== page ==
To The Friends Who Are Struggling With Dark Times, Don't Ever Forget The Light You Bring To Others

To The Friends Who Are Struggling With Dark Times, Don't Ever Forget The Light You Bring To Others

You're doing your best and I see that.

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To my struggling friends as the new semester begins to kick in, I see you.

You are doing great.

I see your tears of frustration, anger, and stress. It hurts me to see you overwhelmed and stressed. It hurts me to see that you don't see what I see. When I look at you, (Emily, this ones for you) I see a determined driven young woman. I see someone who is striving to get her sh*t together before midterms.

With the countless hours of flight lessons you complete or attempt to complete, the long hours you work on the weekends, and the amount of time I see you put into our church, I can see how you think that you're not doing as hot as you want to be. I can see that you don't see you as I do because you're too busy focusing on your academics, Faith, and finances. I get it, but I want you to know that despite these things, you're amazing.

Despite the fact that you may not have time to step back and reflect on the amazing person that you are, I make the time to reflect for you.

Your hard work doesn't go unnoticed. The way that you always make time for the things you love even if it means interference with something else is something that not a lot of girls in our class do. I admire the way you prioritize and balance your life. Although you may not feel as though you have your poop in a group, it looks like you do.

And that, my friend, is wonderful.

Not because you seem like something you may not be, but because it shows strength and balance. Strength and balance I wish I'd developed sooner. You're doing your best and even though sometimes it may feel like your best isn't enough, for me, it is. For me, I see you doing your best, I see you trying, I see you engaged. Just remember that your best is always good enough for me. It is when you do something well above what you think is your best that I remember why you're my best friend. You put forth everything you have into everything you do and that's a quality that many people lack.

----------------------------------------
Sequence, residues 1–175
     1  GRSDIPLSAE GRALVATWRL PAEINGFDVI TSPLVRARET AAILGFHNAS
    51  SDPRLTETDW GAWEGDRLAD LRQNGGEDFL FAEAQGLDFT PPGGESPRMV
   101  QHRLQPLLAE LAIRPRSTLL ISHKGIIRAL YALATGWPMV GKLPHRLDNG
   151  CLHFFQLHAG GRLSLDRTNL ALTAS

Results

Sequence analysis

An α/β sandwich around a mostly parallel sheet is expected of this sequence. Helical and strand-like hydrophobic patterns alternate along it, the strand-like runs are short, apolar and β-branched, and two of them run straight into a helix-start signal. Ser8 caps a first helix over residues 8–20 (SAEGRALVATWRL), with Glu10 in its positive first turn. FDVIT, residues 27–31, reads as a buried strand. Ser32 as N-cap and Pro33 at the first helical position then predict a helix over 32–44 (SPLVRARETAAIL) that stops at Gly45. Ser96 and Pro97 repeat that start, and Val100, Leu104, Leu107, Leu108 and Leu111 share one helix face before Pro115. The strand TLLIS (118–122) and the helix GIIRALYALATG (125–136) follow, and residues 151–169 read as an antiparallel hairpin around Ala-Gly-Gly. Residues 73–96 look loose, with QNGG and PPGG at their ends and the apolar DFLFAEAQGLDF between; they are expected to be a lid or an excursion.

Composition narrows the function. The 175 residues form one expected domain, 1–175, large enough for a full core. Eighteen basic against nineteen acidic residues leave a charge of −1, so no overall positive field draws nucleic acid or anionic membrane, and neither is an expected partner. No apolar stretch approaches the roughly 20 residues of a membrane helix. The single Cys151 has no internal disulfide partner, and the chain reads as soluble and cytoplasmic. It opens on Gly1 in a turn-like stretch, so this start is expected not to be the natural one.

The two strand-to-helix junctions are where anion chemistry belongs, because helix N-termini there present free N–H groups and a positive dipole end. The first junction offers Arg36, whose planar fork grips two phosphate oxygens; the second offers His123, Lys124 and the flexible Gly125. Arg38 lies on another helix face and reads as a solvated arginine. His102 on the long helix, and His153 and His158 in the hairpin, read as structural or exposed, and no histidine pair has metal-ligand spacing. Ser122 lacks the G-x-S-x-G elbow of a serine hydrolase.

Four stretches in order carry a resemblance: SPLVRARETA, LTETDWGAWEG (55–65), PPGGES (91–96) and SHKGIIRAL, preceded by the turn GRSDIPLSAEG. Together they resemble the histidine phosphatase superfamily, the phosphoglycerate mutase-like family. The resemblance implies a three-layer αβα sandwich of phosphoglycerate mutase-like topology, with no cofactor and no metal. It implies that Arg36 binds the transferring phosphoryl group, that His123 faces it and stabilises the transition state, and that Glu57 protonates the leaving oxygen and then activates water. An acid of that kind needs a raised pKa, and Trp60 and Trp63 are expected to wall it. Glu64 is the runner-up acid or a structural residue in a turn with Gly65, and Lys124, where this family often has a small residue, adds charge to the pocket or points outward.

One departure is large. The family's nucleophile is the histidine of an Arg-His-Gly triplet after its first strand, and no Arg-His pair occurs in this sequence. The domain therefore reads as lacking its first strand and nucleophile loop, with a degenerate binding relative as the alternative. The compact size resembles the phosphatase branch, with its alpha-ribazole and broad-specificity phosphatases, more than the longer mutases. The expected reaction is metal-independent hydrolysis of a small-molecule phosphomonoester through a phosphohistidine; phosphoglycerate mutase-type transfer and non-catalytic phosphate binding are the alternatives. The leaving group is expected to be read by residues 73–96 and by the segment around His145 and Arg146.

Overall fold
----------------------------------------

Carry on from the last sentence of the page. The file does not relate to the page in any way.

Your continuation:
I want to remind you that although you don't feel 100%, it is because of your endless love and dedication that I am where I am today.

Your motivation is what has gotten me to church, back to the gym, and out of bed every morning. You are my favorite person and I feel as though you need to hear this every single day and I try to tell you every day how much you mean to me. You deserve nothing less than genuine happiness and success. You are the type of friend that I didn't know I needed until I met you. Now that you're in my life, good luck leaving. There is nobody else I'd rather worship with, workout with, or get weird stares from other people with. You bring out the absolute best in me and that's something I haven't been able to say about anybody ever. So, to my friend who is struggling, I love you and this storm will also pass.

To my other friends who may be struggling, know that I feel the exact same way about you.

Your smiles are the sunshine in my day. Your laughter is music to my ears, especially the snorts that come along with it. Your hard work and determination is refreshing. Your endless love for me, the gym, genuine happiness, God, coffee, and breakfast dates is rare. I can't express my love for you in words, there just aren't enough of them. I can't express my thanks for having you in my life enough, there just isn't enough thanks to go around. You are my reason to keep going, to persevere, to push through, to get out of bed. You are my reason behind what I do. You are the reason I found myself when I was lost. You are my reason.